Freddie Gray was not in court for his own lawsuit; he was in court submitting paperwork for the as part of his mother’s lawsuit, which she won. The cause of the lawsuit: she sued the owners of the place she was living in because due to their “negligence,” both her children—Freddie and his twin sister—had suffered damage from prolonged exposure to lead. It has been accepted for years that higher levels of lead in children have notable effects on them in development, including reduced IQ, learning disabilities and behavior dysfunctions. Some researchers have noted specific effects of lead poisoning in children and teens include ADHD, socio-aggressive behaviors, and a reduction of emotional regulation. This already sets up the lead poisoned person as the personality type more closely monitored by the police; adding race to the mix only greatly increases the chances of bad encounters with the police. Freddie Gray already had been arrested 18 times since 2009, was involved in 20 different criminal court cases, and spent two years in jail. Gray himself didn’t have a job; sine the lead poisoning left him and his sister incapable of leading normal lives, he was living off of the money from the settlement (though no one knows how much or how long that would have lasted him).
Now there is no way to say that Gray’s life would have turned out better or worse without the lead exposure. However in 1991, the minimum wage was raised nationally to $3.80/hour (the national standard) up from $3.35/hour, which it had been since 1980. Working 40 hours at that minimum wage level nets you $7,904 a year; while the poverty line for one person in 1991 was $6,620, for a parent with three kids—which Gray’s mother was—was $13,950, about 56% more than she was making. Having a living wage at that point in time (approximately $7.20/hour) would have enabled her to afford better living spaces, and not the lead filled home in the Sandtown section of Baltimore where she lived, to a place where the glare of the police watchdogs are not not as harsh.
Then as now, it is impossible to live anywhere in America on the minimum wage as it is, or even if raised to $10/hour. Simply lifting close to 1 million families out of the poverty level, as stated earlier, has a ripple effect on the economy at large. States and municipalities that have a higher minimum wage tend to have greater economic resilience than those with minimum wages only at the federal level. This leads to more revenue going into state and city coffers, which can be used towards infrastructure work and anti-poverty efforts—if the political will exists. Fighting for a national minimum wage of $15 does not automatically solve the institutionalized racism that is inherent in law enforcement system and culture—we’ve seen that with the horrifying way Susan Bland was arrested days before dying in jail, on her way to start a new job. However it does provide more opportunities for people of color and the working poor to make the necessary steps towards building a better, safer, healthier life. If they are economically trapped in environments that are already overpoliced and environmentally unsafe, the greater the chances of arrest and/or negative interactions with the police. Therefore is behooves us to fight for a living wage that gives these people a fighting chance to get out of these unsafe areas. If the nation is unwilling to find the money to fix infrastructure problems like deleading a house, then at the very least they need to ensure companies pay workers a wage where they have options of escape or even fixing their own community.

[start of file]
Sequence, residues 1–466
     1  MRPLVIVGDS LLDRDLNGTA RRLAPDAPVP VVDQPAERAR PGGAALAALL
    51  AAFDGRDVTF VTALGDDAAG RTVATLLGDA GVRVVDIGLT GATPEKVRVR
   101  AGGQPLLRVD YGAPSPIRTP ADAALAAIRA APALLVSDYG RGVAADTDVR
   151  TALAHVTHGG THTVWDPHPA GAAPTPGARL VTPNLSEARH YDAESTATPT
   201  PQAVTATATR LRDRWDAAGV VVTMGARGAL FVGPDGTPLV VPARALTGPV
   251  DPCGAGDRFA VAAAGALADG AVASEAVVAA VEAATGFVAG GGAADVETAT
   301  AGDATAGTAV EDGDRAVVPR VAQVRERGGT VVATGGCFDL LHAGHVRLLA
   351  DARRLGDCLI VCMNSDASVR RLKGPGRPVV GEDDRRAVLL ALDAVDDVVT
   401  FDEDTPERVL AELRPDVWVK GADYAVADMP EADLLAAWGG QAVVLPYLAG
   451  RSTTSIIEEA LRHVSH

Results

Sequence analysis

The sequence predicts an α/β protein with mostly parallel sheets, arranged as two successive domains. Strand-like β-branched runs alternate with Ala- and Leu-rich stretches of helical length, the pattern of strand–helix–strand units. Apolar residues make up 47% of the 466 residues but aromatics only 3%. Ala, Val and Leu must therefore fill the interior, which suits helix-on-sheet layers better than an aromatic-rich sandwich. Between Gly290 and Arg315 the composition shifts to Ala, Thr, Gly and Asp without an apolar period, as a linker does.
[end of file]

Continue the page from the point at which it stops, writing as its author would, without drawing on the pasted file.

As human beings we should be outraged at all of this, but for us Unitarians it should be doubly so. This goes right to the heart of our second principle—I’m skipping the first and going right for number two: that is justice, equity and compassion in human relations. Ours is a covenantal religion, meaning we don’t base our religion on statement of beliefs but of promises we make in how we treat each other. The covenant we say each week is one such statement of how this church treats its visitors, members and the community; the seven principles that help frame our religion are statements on how this spiritual home treats its followers and the outside world. Justice, equity and compassion should be the norm in human relations, but we know and witness it is more often a struggle to reach that bar. Yet to witness this and do nothing about it should be harmful to our selves and our souls. To know the history of racism, discrimination and brutality against people of color in this country and not say Black Lives Matter is wrong. To see the history of oppression of workers rights, the wage slavery allowed and the consistent efforts against helping the working poor and not say Fight For 15 is wrong. To not put our best efforts into correcting the damage done to both communities is wrong and condemnable. Our principles call us to action to change society for the better; they also to call us to listen and aid those who are already thick in the fight. It is important for us to stand with both the black community and the working poor and add our voices so that these messages speak truth to power and change things for the better. We are seeing some signs of accountability in the arrests and investigations of police officers who have killed back people, and in the municipalities that have already voted to raise the minimum wage to $15/hour. It is a start but the hard work is far from over. The gift given to us this past May day has to be only the tip of the iceberg, but only if we take heed of its message and speak its truth. We need say and continue to say Black Lives Matter and Fight For 15, not only because it is the right and just thing to do, but also as civil rights activist Ella Baker said, “We who believe in freedom cannot rest until it comes.”